Q. Presidents often try to influence the economy, from Franklin Delano Roosevelt’s tinkering with federal programs to Nixon’s wage and price controls. How effective have presidents been, and do they really deserve as much blame and credit as they get or claim?

A. I tend to follow the maxim of an English (soccer) manager who said, “A good manager can make a team 10% better, but a bad manager can make it 50% worse.” The same is true for presidents and the economy.

I believe that a lot of blame/credit is viewed through too short a timeframe. I think that we should expand our temporal horizons and evaluate economic policy over the course of decades, as opposed to years or even quarters. Sound economic policy often takes a while to implement, and even longer to filter through the system and may produce a short-term slowing of the economy.

However, elections play out in the very short term and the wise policy that will pay off in the long run can be seen as a negative by the electorate. Likewise, a president can push through a policy regime that can juice the economy in the short term, while producing major structural problems beyond the present election cycle.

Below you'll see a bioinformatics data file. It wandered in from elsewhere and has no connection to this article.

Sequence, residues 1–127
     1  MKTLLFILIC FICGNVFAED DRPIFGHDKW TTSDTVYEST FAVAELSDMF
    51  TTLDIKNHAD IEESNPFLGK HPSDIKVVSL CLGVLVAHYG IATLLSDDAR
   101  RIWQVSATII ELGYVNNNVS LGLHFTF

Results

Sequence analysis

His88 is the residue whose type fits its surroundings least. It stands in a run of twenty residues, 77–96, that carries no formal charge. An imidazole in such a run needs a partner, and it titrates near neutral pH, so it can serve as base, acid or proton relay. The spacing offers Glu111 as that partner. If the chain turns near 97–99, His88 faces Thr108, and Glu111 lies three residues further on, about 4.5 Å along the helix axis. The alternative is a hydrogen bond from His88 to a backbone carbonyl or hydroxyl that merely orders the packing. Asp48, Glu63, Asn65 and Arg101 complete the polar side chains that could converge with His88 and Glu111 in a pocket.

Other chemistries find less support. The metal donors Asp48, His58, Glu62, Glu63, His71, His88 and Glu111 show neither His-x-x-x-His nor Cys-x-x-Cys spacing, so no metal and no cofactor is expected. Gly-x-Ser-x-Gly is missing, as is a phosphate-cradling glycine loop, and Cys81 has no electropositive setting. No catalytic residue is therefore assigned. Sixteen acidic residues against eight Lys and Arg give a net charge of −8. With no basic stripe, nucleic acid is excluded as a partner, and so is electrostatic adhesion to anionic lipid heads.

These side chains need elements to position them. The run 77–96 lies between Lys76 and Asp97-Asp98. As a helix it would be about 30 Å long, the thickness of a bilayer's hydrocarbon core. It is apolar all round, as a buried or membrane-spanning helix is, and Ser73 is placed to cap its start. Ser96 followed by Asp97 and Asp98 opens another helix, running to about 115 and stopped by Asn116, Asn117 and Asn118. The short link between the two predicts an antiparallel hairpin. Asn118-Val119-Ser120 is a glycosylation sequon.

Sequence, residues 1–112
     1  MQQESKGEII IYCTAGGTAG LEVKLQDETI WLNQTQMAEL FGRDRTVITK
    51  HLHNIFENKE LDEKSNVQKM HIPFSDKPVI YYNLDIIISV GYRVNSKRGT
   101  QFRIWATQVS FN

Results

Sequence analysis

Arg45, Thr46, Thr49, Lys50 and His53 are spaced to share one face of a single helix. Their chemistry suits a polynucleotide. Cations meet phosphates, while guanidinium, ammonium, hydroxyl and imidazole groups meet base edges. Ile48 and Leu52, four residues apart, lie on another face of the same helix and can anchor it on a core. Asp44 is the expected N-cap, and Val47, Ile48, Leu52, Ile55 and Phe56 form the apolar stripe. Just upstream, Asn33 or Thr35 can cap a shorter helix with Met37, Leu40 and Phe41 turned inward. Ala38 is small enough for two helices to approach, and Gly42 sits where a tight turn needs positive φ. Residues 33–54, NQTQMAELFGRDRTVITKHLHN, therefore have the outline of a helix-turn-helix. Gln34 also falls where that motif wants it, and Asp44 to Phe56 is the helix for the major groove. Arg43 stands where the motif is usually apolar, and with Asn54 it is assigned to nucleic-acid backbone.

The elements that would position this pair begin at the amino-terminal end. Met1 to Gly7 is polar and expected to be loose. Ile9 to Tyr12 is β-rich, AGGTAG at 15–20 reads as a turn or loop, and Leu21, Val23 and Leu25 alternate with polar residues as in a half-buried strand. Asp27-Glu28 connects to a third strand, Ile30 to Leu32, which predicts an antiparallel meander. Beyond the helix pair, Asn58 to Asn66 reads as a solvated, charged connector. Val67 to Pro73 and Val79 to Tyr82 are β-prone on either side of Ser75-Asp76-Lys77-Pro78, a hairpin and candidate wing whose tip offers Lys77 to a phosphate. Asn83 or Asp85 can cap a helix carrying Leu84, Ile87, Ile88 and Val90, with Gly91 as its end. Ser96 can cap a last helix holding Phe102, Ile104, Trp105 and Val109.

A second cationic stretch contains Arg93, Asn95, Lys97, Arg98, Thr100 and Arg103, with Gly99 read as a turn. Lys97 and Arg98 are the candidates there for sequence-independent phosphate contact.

I think that voters should look at what a president wants to change about the system as a whole, rather than their evaluation of it at the present moment.

Q. The current U.S. electorate appears highly polarized. What difficulties face the American economy and political system in this election?

A. First, I should say that while we are certainly polarized at the moment, I am not sure that we are any more polarized than we have been on average over the course of American history.

In 1800, John Adams assured voters that the election of Thomas Jefferson would lead to the streets running knee-deep with blood, while Jefferson suggested that Adams would, quite literally, hand over the country to the king of England as soon as he was inaugurated.

Scott Miller, director of the Miller Center’s Project on Democracy and Capitalism

Scott C. Miller, director of the Miller Center’s Project on Democracy and Capitalism, which is sponsoring the program, is one of the panelists. (Contributed photo)